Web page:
Impact Manager, Caitlin, has some interesting policy developments in this week’s Friday insights round-up, including the launch of the government’s five foundations for character strategy, and the education commission’s response to disadvantage in early years.
These are promising developments and – in true Big Change fashion – I’ll also be sharing some constructive feedback from our friends at the Education Policy Institute and the Fair Education Alliance that provide opportunities to learn and grow.
Plus, there’s some new learnings in young people’s mental health, and the ways we may be inadvertently legitimising inequality to help us think deeply about the challenges young people are facing in the UK.
The government has released its 5 Foundations for Character Strategy, which encourages schools to help their students build confidence and resilience through focusing on five areas of learning:
- World of work
We agree that building resilience and character is a crucial area for bringing about more equitable outcomes for young people, which is why we have proudly backed projects that work to broaden young people’s horizons such as:
- Head Start
- City Year
- Generation Change
- Reclaim Project
With all new initiatives come opportunities for feedback and learning, so we are glad organisations like our friends at Fair Education Alliance are taking the opportunity to share their expertise to improve the strategy. Sam Butters has rightly pointed out that in order for this strategy to be successful, the financial barriers that prevent all schools from being able to provide the social and emotional learning required to build character must be removed.
This was also a big week for early years in government – the select committee on education released its new report on tackling disadvantage in early years, informed by some great education minds like the Education Policy Institute (who have recently mapped education inequality across the UK using a handy interactive map). The report focuses on two areas that have a big impact on child development – quality early years provision and the home learning environment.
The report recommends a number of specific government actions, including:
- Encourage recruitment and retention of early years teachers, and remove barriers to their progression – early years is notably absent in the government’s recent recruitment and retention strategy
- Reconsider its 30 hours childcare entitlement for working parents, as research has found that this puts pressure on nurseries and widens the access gap between advantaged and disadvantaged children
- Explore promoting family hubs as a method of service provision
We’re proud to be backing pioneers who are improving access to and quality of early years provision such as Voice Bradford and EasyPeasy, and we support the use of evidence and feedback to improve provision.
We hope to see these learnings used to make sure all children receive access to the quality early years care that will set them up to have the best possible chances in life.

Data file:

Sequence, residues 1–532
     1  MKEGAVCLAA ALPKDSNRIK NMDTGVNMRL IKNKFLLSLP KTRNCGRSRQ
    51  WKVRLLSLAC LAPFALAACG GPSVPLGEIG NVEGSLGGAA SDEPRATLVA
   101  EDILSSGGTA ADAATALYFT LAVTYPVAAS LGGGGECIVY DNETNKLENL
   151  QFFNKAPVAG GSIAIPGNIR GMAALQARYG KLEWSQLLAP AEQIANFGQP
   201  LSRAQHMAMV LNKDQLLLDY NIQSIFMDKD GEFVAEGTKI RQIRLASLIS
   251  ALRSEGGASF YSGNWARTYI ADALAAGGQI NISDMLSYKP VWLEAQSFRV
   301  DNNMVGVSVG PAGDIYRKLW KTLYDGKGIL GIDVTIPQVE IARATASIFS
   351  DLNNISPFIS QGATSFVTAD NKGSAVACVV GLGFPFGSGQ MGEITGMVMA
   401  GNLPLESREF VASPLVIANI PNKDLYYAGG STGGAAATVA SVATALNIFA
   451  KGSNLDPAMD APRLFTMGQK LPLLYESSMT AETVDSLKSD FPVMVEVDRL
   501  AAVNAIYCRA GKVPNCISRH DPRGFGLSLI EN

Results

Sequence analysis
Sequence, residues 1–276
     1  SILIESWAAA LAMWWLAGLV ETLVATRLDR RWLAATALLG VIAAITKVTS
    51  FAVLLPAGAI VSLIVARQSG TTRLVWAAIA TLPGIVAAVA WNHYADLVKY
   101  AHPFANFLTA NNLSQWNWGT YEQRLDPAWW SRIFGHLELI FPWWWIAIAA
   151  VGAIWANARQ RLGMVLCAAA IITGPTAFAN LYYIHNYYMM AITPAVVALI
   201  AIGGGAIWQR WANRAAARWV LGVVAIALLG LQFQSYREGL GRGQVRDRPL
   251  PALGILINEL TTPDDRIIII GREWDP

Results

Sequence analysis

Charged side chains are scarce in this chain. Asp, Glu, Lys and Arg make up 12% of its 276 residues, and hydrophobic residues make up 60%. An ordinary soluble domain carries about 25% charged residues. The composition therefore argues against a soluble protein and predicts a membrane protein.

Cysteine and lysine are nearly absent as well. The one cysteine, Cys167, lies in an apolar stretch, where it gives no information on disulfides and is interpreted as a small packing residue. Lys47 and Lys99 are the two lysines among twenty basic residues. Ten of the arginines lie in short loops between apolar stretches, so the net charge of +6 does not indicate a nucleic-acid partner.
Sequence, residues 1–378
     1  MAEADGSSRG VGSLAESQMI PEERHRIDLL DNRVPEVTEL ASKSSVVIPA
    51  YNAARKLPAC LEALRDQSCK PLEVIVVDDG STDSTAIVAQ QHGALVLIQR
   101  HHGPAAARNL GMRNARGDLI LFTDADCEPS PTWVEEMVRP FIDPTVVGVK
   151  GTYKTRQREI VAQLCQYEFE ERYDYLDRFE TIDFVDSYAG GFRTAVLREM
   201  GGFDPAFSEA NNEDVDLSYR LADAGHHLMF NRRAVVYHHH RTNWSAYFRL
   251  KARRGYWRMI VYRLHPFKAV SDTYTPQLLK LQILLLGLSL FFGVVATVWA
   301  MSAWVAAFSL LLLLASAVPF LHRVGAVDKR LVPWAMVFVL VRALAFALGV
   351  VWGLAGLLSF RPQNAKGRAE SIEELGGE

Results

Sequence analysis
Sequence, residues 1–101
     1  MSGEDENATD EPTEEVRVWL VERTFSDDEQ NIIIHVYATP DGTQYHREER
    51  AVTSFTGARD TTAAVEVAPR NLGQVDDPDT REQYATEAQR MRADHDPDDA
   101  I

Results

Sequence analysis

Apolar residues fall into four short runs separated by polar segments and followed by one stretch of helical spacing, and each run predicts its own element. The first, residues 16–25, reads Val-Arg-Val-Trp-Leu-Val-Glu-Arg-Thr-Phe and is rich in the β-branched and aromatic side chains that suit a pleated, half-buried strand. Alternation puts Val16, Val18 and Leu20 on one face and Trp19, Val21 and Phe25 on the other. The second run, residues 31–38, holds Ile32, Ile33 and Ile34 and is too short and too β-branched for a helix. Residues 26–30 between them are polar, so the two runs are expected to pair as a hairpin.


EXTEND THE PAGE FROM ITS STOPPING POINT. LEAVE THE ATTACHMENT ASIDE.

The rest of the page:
Time to talk and young people’s mental health
The #TimeToTalk hashtag has been prominent on Twitter this week, bringing attention to young people’s mental health. There are despairing statistics showing that, due to increased feelings of pressure and inadequacy caused by social media, nearly 1 in 5 young people do not think life is worth living.
More than a quarter of young people also disagree that their life has a sense of purpose. These statistics are worrying for a multitude of reasons, not least of which that the OECD trends in education report has pointed out that young people’s engagement in society and citizenship is crucial in bringing about an education and learning environment that sets all young people up to thrive.
We at Big Change are working to back the interventions that are helping all young people thrive in life – this includes feelings of adequacy and belonging, and believing that their lives have purpose and meaning.
We’re about to kick off our next round of project partner funding to keep contributing to the change we’re hoping to achieve for and with young people.
We look forward to sharing our new cohort of pioneers with you later this year.
‘Following wind’ and misinterpreting privilege as talent
This week’s Guardian long read on the effects of privilege on class pay gaps has us thinking hard about privilege, and the importance of being constantly mindful of the power dynamics it creates. The article points out that privilege can work as a sort of tail wind through one’s career, pushing them onward and upward with a speed and smoothness not afforded to those who are born without it.
But privilege doesn’t just affect job outcomes. As authors Sam Friedman and Daniel Laurison point out: “privilege affects all sorts of life outcomes, in all sorts of ways and all parts of the class structure. And in each of these domains, the key issue is that when the following wind of privilege is misread as merit, the inequalities that result are legitimised.” It’s a reminder about past articles about power dynamics in grant-giving, and making sure we are not replicating the systems that are causing the harm we are looking to address. As we kick off our next round of project funding this will certainly be kept in mind.